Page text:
George Romero’s influence on the zombie genre is unquestioned. His films have defined the default characteristics, behaviors, and look of these undead creatures to the point that any exception or deviation simply proves the rules established by Romero (the linked video provides a comprehensive look at these rules and their evolution). When they run, such as in 28 Days Later (2003), or talk, such as in Return of Living Dead (1985), they are still variations of Romero’s zombies. All of this without ever calling them zombies in the film that codified it all, Night of the Living Dead (1968). Calling them “ghouls,” Romero was influenced by everything from Richard Matheson’s novel I Am Legend (1954) to the film Invisible Invaders (1959), and it was only when the Italian Argento brothers secured European rights to the Night sequel Dawn of the Dead (1978) and rebranded it Zombi to promote the spiritual sequel Zombi 2 (1979) that the Romero characters began to be associated with the word.
My previous research explored the zombie’s evolution leading to a perfectly empty signifier that all manner of political and social allegory can be poured into (2013). Because of its relatively unknown and mysterious non-Western origin, as well as the no singular source of origin (such as Dracula is for the vampire) the zombie functions as a universally malleable “utility tool” that provides diverse satirical social commentary. The deviations themselves become places where the allegory can shift, because the elasticity of the Romero zombie springs back to its shambling core when the next version emerges. There are true successors of everything Romero, such as The Walking Dead (2010-present), which not only contains creatures that resemble Night’s ghoul creatures but also never mentions the “z” word either (primarily calling them “walkers”). This would imply that the Romero movies do not exist in this narrative universe, or characters would surely call them zombies, and points to the universal empty signifier that the zombie represents as it does not even need to be named to serve as an near infinitely malleable allegory.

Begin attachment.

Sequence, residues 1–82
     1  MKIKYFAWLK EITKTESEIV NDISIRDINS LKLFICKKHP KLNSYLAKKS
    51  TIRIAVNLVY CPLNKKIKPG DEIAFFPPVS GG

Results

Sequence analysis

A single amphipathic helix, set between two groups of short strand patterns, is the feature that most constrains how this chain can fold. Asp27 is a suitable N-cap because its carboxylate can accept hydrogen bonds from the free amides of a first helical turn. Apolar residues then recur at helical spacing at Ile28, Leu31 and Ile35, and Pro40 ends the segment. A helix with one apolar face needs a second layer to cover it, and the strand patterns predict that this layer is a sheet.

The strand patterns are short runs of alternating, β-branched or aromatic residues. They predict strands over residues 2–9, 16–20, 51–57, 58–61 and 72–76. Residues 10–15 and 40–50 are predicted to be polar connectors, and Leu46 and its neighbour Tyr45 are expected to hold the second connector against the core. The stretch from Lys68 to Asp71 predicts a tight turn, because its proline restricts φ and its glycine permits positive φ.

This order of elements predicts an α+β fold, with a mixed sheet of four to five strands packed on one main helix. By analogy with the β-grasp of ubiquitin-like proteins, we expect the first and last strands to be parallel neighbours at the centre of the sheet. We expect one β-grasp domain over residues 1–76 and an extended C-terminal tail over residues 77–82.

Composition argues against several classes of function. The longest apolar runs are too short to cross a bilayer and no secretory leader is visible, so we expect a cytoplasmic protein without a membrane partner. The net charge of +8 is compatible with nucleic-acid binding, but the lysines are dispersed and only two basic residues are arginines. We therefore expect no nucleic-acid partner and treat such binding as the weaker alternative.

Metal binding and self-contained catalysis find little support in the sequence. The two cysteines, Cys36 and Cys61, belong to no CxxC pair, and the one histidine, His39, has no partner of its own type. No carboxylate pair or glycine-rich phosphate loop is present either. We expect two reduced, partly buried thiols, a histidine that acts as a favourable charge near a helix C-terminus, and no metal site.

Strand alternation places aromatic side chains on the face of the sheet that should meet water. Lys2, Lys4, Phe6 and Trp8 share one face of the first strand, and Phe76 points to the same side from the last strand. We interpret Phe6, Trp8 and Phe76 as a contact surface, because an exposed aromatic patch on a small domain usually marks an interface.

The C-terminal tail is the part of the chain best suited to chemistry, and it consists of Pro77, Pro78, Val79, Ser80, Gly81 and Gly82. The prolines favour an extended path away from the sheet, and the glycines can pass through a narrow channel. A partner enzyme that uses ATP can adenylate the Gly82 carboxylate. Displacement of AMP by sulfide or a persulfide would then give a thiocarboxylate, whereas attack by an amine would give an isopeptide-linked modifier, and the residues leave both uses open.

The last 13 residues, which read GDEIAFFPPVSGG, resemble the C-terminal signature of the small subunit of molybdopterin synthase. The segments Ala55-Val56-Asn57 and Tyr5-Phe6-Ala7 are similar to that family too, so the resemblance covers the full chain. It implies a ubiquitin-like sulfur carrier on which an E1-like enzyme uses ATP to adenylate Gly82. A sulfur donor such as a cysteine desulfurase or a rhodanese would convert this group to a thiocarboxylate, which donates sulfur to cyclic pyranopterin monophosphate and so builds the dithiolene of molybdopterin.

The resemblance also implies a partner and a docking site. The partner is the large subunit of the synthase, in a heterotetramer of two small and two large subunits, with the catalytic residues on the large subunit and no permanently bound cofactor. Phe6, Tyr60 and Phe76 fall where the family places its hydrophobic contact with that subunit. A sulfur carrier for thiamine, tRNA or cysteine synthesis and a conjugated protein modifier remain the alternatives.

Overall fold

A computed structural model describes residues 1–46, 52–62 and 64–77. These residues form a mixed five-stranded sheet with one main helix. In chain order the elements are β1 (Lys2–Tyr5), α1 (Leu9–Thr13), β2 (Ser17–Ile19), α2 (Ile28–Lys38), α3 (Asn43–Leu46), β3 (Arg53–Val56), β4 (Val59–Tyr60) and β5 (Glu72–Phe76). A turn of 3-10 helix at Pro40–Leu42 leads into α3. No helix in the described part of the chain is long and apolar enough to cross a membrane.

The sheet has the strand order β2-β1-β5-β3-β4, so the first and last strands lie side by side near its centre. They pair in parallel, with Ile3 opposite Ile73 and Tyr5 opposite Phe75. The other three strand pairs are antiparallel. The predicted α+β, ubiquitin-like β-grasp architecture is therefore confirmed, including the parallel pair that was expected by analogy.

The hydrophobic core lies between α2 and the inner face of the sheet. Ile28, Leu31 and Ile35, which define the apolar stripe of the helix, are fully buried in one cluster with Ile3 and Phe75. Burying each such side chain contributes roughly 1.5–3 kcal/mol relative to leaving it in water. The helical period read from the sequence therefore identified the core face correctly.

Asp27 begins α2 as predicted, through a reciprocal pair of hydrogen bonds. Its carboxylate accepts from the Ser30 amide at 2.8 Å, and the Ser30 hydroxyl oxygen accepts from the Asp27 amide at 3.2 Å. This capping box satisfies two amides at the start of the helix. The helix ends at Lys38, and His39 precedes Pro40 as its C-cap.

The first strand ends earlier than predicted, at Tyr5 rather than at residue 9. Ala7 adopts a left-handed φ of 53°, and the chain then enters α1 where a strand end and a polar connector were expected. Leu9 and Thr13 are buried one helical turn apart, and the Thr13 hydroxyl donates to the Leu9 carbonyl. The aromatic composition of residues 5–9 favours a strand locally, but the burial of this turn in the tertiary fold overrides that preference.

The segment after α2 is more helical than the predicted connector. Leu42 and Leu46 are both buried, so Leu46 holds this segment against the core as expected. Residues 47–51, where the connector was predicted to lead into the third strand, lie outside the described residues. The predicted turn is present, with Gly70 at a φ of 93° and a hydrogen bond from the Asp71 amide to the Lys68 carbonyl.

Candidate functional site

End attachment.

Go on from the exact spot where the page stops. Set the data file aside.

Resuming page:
As the zombie horror subgenre progresses and evolves there will undoubtedly be countless variations and deviations from Night’s ghouls, but Romero’s ability to codify and cement long lasting characteristics of these undead creatures is an impressive legacy for a creature that doesn’t speak and an origin film that never says its own name.